“We have completed construction of eight trucks out of the ten we were contracted to build. The Defence Force won’t take delivery for another few months,” Bruce declared, with an element of triumph.

“So there should be eight complete trucks at the factory?” Jim clarified.

Bruce shrugged. “That would make sense.”

Jim redirected his attention to Negus. “I have it on good authority that while there are eight sitting there during the day, there are only six at night. I believe someone at your company is allowing those trucks to be ‘borrowed’. I understand the delicacy of defence projects and that the public face of a company is important but I want your permission to enter your factory at a moment’s notice. I’m not sure when that will be. We need to time this right so that when we do burst in, we capture not only those involved from the factory but hopefully some of the mob members higher up the chain.”

“Captain Gordon, surely you are able to get a warrant? Ohhh.” Realisation and a certain amount of relief claimed Negas’ face. “You don’t have enough proof for a warrant?”

Jim clenched his jaw. “That is correct.”

Steven Negus rose to his feet. “Then I’m afraid we must respectfully decline your request. As you have already acknowledged, we have an entire company reputation to protect. I will personally check the trucks to see if there is anything inside them. That should put your mind at rest. However, if we allow the police to be staging seizures at the drop of a hat...”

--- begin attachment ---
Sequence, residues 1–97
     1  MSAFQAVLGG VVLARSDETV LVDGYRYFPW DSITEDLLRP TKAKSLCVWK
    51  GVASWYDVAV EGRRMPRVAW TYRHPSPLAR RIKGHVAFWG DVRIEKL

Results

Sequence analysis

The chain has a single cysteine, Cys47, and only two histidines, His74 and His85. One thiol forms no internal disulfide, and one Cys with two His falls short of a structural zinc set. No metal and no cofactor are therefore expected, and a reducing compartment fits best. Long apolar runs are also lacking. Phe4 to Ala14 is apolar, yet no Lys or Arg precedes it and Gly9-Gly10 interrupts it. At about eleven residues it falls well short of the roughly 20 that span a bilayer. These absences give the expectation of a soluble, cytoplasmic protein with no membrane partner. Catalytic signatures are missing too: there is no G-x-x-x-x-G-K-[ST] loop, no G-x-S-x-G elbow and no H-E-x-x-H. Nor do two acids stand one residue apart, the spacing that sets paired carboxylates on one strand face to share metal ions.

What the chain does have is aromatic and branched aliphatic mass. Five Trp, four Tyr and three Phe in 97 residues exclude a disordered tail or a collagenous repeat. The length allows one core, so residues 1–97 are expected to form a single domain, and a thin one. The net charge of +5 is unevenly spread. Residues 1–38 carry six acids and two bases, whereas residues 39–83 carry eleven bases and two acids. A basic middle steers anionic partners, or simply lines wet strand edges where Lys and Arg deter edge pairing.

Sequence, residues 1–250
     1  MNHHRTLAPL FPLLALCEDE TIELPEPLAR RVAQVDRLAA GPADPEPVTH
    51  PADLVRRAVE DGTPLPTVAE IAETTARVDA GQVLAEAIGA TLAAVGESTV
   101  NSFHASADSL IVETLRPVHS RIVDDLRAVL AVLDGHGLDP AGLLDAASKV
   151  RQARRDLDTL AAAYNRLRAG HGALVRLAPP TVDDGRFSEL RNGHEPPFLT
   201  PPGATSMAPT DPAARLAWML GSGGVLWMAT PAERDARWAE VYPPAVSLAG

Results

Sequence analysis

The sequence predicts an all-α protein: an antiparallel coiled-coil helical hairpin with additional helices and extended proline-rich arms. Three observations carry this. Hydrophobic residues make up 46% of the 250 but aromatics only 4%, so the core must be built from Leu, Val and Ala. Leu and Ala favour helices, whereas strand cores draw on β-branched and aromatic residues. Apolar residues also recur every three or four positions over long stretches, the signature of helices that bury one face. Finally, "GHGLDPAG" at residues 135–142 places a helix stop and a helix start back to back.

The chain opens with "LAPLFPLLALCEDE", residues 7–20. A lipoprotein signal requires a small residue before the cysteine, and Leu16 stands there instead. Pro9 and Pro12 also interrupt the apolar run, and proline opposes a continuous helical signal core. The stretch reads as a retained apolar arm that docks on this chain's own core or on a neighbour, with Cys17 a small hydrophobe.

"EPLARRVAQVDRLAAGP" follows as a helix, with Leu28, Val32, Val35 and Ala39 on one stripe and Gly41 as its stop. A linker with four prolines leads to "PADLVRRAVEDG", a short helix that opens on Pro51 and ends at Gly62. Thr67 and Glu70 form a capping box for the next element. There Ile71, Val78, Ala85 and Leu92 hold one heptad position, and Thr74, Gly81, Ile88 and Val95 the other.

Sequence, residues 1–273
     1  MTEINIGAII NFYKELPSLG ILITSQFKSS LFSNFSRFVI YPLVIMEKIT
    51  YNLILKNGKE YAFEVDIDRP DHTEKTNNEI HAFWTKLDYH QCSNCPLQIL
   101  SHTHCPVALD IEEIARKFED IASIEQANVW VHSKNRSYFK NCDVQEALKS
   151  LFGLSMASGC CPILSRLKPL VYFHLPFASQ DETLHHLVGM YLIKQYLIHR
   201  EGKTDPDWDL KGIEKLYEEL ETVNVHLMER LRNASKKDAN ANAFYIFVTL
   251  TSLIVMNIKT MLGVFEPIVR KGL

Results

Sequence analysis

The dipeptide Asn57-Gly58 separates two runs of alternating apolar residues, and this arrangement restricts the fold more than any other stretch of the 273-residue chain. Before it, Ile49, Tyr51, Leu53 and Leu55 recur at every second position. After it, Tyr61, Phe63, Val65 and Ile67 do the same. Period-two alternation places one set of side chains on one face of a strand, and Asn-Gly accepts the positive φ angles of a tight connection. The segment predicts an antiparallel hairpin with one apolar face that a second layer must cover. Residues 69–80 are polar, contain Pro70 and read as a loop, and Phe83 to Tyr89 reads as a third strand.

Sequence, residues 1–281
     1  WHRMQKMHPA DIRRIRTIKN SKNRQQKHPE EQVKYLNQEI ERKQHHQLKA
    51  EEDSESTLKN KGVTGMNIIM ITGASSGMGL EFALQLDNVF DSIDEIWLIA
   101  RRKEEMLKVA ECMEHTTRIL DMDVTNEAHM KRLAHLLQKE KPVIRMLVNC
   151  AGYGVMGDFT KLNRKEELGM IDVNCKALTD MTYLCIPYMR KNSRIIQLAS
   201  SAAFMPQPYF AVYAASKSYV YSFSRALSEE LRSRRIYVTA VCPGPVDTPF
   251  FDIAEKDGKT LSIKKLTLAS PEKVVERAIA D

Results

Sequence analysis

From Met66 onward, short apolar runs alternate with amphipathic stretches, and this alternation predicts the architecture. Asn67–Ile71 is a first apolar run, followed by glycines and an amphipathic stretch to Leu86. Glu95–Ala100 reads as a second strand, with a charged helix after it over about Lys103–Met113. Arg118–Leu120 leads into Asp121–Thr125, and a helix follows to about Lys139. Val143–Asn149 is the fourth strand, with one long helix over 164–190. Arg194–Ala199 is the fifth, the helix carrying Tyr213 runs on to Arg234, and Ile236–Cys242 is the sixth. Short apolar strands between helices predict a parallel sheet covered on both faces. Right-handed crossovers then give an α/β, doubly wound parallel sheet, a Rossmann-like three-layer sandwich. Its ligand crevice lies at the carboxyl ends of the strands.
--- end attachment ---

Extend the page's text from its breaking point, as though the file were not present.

“Steven,” Bruce interrupted, raising his hand. “When I was young, I wanted to be a policeman,” he stated somewhat wistfully. “Captain Gordon, you wouldn’t have come to us unless you had some sort of evidence.”

Jim licked his lips. Wayne may be a brainless twit but he was still CEO of this company and likely had the casting vote. Perhaps convincing the young man was Gordon’s best chance. “Mr. Wayne. I have no proof and not a shred of evidence. Sometimes a policeman must work on gut instinct. To be honest, my superiors do not support this theory, but I have it on good authority that the information I’ve given you is correct.”

“Good authority?” Bruce asked leaning forward, clearly intrigued. “Perhaps if you could share the source of this information?”

Jim shook his head adamantly. “No. I can’t do that.” He would not name Batman. He would never betray the vigilante.

“Can’t or won’t?” Bruce pressed.

Jim and Bruce Wayne stared at each other, Jim seeing something in the other man’s eyes he hadn’t noticed before. “I won’t.”

“What if I were to agree on the condition you share your source. I think we have a right to know who is accusing our workers.”

Jim rose to his feet. “I’m sorry, Mr. Wayne. This isn’t a game or some cop show on television. If you are going to help, that’s good. If not, I understand.”

Bruce nodded, sat back and laced his fingers. “

Steven Negus cleared this throat. “Captain Gordon, we are sorry.”

Jim didn’t take his eyes off the young owner of the company.

“Mr Wayne, I believe my source. I believe these trucks are being used without your knowledge to help fund Mob activities. I believe if you open them you will find the casinos which are driven to a different spot in the city a couple of nights a week so it is impossible for the police to trace. I also believe that if you do open the trucks, I will lose an opportunity to take down the Mob so I ask you not to do that. Without your permission I cannot enter your factory. You are within your rights to refuse and I will understand if you choose to do so, but... I need your help.”